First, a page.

rates of other companies in the industry, the access for further debt financing, and the stability of

earnings.

Times Interest Earned (Interest Coverage) Ratio. The times interest earned ratio reflects the

number of times before-tax earnings cover interest expense.* It is a safety margin indicator in the sense

that it shows how much of a decline in earnings a company can absorb. The ratio is computed as

follows:

earnings before interest and taxes (EBIT)

Times interest earned ratio =

interest expense

In 19x3, interest of Ratio Company was covered 9 times ($18,000/$2,000), while in 19x2 it was

covered 11 times. The decline in the coverage is a negative indicator since less earnings are available

to meet interest charges.

Profitability Ratios

An indication of good financial health and how effectively the firm is being managed is the

company's ability to earn a satisfactory profit and return on investment. Investors will be reluctant to

associate themselves with an entity that has poor earning potential since the market price of stock and

dividend potential will be adversely affected. Creditors will shy away from companies with deficient

profitability since the amounts owed to them may not be paid. Absolute dollar profit by itself has little

significance unless it is related to its source.

Some major ratios that measure operating results are summarized below.

Gross ProJitMargin. The gross profit margin reveals the percentage of each dollar left over after

the business has paid for its goods. The higher the gross profit earned, the better. Gross profit equals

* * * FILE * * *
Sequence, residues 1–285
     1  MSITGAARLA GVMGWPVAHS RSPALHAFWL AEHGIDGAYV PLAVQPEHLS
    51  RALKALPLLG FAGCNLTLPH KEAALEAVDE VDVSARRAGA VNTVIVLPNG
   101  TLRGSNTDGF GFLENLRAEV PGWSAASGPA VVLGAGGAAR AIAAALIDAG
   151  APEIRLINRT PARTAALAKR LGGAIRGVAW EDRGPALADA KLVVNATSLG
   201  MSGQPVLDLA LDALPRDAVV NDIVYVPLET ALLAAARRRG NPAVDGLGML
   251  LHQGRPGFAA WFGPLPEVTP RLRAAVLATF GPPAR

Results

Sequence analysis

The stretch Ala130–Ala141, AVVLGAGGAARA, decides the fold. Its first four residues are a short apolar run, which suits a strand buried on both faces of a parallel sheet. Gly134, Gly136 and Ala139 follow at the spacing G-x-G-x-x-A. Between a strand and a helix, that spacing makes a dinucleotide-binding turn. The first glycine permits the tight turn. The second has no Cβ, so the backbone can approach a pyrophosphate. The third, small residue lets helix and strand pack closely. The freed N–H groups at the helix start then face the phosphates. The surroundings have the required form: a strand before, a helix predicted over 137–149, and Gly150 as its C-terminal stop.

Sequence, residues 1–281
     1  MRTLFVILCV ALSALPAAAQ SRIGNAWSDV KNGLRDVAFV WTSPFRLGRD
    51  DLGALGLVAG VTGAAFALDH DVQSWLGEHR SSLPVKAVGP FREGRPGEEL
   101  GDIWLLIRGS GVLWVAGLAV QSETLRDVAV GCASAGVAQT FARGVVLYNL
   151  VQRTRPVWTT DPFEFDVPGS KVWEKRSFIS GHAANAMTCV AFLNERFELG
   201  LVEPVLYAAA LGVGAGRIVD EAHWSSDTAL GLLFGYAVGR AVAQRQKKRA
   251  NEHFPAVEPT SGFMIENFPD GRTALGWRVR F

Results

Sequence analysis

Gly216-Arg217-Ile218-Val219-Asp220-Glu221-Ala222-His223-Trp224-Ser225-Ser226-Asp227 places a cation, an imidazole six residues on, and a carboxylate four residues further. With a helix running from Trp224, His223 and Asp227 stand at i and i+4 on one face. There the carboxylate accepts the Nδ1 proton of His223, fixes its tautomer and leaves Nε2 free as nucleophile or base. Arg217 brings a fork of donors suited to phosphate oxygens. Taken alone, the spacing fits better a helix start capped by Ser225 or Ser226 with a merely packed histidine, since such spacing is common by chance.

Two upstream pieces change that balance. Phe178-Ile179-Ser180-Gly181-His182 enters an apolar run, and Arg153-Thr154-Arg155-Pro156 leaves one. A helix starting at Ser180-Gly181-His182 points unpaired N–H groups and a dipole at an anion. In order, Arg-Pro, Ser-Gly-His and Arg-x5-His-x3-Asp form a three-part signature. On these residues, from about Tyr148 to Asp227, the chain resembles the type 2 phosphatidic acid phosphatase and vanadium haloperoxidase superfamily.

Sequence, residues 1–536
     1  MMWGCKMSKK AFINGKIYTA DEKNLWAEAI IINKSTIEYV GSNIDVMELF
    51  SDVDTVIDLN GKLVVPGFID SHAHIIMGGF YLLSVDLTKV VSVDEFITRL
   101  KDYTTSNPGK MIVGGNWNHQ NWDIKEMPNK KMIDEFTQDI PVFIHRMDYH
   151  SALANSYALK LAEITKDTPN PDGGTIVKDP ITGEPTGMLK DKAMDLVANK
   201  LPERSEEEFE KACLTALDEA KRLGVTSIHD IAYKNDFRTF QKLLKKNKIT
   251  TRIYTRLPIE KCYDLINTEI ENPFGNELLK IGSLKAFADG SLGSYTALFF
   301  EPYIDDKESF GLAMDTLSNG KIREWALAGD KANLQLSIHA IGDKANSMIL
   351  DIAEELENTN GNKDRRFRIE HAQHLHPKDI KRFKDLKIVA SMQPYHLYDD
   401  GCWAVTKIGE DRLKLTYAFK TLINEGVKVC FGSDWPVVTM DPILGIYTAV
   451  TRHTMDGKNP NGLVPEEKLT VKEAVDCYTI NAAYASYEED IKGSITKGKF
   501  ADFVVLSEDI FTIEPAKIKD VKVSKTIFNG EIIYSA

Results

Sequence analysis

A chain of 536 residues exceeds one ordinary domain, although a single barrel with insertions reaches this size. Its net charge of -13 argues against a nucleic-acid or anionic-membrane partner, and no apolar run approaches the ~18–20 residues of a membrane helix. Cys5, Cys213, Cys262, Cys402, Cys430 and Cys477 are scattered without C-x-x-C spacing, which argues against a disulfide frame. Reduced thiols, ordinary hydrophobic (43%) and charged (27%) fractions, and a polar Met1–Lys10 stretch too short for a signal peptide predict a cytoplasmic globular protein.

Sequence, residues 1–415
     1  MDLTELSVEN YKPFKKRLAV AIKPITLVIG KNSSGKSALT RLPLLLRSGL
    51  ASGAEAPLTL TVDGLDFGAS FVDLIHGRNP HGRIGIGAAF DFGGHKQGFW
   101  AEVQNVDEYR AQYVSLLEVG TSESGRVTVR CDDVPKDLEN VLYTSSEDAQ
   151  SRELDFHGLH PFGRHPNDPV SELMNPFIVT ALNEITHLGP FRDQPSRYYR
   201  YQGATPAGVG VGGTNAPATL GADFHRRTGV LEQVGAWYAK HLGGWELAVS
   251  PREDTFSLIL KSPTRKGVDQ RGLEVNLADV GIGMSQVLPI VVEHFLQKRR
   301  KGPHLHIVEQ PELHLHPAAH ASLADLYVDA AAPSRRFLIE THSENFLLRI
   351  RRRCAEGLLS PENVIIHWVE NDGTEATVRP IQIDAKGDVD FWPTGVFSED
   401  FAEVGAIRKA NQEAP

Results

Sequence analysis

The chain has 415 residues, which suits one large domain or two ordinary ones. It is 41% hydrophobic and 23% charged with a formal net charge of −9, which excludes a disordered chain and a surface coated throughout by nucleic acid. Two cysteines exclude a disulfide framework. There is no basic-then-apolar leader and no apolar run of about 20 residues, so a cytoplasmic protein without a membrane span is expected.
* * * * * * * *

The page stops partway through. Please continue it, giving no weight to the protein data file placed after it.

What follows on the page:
net sales less cost of goods sold.

gross profit

Gross profit margin =

net sales

The gross profit margin for the Ratio Company in 19x3 is:

Note that some textbooks use @er-tax earnings to calculate this ratio.

27

CHAP. 21 FINANCIAL ANALYSIS

In 19x2 the gross profit margin was 0.41. The decline in this ratio indicates the business is earning

less gross profit on each sales dollar. The reasons for the decline may be many, including a higher relative

production cost of merchandise sold.

Profit Margin. The ratio of net income to net sales is called the profit margin. It indicates the

profitability generated from revenue and hence is an important measure of operating performance. It

also provides clues to a companyâ€™s pricing, cost structure, and production efficiency.

net income

Profit margin =

net sales

In 19x3, the Ratio Companyâ€™s profit margin is:

In 19x2, the ratio was also 0.120. The constant profit margin indicates that the earning power of the